Two weeks ago the Senate Judiciary Committee invited Christine Blasey Ford to testify about a sexual assault allegedly committed by Supreme Court nominee Judge Brett Kavanaugh nearly 40 years ago. Sen. Kirsten Gillibrand referred to the proceeding as a “sham hearing,” and we criticized her for that remark.

Yet Gillibrand was right. It was a sham. The whole process was a sham.

But not for the reason she thinks.

The Senate is expected to soon vote to confirm Kavanaugh. He may or may not make it, although on his record alone, Kavanaugh is arguably the best choice President Donald Trump could make. The liberal American Bar Association, for example, had graded Kavanaugh “well qualified,” its highest rating — an evaluation that Senate Minority Leader Chuck Schumer once labeled the “gold standard” for judicial nominees.

But, as has been made abundantly clear over the past month, qualifications or philosophy matter little to Schumer, Gillibrand and the other Senate Democrats.

All that mattered to them was power and keeping Kavanaugh off the court by any means necessary.

We cannot say we weren’t warned. On July 9, the day Trump announced Kavanaugh as his pick, Schumer tweeted that he would “oppose Judge Kavanaugh’s nomination with everything I have.”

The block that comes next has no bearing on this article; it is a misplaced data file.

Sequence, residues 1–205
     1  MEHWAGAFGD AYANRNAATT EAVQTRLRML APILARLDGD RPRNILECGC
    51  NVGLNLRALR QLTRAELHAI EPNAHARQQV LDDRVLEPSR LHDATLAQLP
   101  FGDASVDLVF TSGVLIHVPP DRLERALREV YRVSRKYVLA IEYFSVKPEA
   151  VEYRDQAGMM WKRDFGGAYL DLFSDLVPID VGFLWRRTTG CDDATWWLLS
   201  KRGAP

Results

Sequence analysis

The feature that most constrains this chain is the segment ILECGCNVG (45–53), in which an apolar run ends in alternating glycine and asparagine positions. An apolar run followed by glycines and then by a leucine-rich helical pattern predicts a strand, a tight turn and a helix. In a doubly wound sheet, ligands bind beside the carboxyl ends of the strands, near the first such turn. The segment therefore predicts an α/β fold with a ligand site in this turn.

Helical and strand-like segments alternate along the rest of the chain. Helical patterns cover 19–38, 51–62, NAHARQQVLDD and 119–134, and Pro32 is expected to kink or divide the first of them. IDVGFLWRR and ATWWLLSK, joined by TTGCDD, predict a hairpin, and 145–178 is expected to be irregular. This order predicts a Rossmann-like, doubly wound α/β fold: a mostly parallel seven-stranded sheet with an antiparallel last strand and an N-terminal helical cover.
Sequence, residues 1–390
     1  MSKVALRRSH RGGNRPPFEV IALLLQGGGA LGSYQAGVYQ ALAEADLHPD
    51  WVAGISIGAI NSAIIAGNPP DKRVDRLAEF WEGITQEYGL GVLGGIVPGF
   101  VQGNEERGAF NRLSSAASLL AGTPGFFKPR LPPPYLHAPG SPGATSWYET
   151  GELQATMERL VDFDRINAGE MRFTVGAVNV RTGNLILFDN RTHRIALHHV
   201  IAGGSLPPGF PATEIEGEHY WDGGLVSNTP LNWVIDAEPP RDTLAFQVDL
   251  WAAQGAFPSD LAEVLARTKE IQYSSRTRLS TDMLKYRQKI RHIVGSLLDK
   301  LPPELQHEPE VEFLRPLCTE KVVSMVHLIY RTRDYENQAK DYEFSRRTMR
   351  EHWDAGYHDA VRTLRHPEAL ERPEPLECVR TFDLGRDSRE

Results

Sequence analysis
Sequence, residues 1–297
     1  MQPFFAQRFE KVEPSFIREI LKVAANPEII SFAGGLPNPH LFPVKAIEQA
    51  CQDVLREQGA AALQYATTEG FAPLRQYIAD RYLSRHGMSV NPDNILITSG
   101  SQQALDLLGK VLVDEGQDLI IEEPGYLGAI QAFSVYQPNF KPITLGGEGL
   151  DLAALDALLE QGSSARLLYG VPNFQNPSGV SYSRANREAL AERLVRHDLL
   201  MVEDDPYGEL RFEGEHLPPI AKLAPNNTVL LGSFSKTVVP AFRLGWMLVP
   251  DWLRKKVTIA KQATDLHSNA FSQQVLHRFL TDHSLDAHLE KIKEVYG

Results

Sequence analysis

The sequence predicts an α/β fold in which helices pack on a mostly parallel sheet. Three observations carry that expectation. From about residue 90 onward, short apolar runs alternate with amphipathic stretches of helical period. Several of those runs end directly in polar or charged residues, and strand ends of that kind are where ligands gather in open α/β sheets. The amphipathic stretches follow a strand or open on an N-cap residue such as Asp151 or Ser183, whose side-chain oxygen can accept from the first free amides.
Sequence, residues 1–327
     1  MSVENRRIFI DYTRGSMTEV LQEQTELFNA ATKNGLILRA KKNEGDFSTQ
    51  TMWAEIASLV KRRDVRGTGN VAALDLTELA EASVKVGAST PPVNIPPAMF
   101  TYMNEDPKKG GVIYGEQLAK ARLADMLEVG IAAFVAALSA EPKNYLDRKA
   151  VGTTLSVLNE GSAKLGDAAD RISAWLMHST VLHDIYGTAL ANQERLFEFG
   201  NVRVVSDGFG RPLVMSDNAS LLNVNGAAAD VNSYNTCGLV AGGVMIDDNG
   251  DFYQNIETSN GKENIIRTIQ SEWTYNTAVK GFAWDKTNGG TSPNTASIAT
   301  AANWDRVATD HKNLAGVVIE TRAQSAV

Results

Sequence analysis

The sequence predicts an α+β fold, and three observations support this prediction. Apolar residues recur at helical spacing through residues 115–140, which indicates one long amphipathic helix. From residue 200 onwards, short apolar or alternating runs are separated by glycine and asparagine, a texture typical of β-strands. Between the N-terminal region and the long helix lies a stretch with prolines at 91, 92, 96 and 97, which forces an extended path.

When Kavanaugh’s hearing opened, per Schumer’s coordination, Sens. Kamala Harris, Richard Blumenthal and Cory Booker repeatedly disrupted the process and grandstanded about documents they supposedly didn’t receive, even though the GOP had released more records about Kavanaugh than any previous Supreme Court nominee.

Judiciary Committee Chairman Chuck Grassley rightly ignored their demands for a delay and kept the process rolling. As it neared the end, Sen. Dianne Feinstein dropped the bombshell about Ford’s letter outlining the alleged assault.

So we entered phase two, with Republicans bending over backwards to obtain Ford’s testimony, and treating her with great deference in doing so.

Yet Democrats met them with allegations of bullying and shaming them for not believing sexual assault victims.

Democrats have accepted Ford’s story as gospel, despite the paucity of corroborating details and despite Rachel Mitchell, the sex crimes prosecutor GOP lawmakers brought in to question Ford, exposing broad gaps in her credibility.

The day Kavanaugh and Ford testified seemed to open phase three.

As the dust from the testimony settled, Democrats then howled for an FBI investigation, even though Kavanaugh had six previous FBI background checks and GOP senators said Senate investigators, who already had looked at the claims, would be more thorough.

When Sen. Jeff Flake, R-Ariz., made an FBI probe a condition of his support to move Kavanaugh’s nomination to the whole Senate, Democrats complained his suggested weeklong timeline was insufficient.

So, Sen. Gillibrand, you were right. This has been a sham — a ruthless, shameful one perpetrated by Democrats who cared neither for the truth nor about the severe collateral damage caused by their naked quest to thwart Trump. How we recover from this is unforeseeable at the moment.


A version of this editorial originally appeared in the Lakeland Ledger.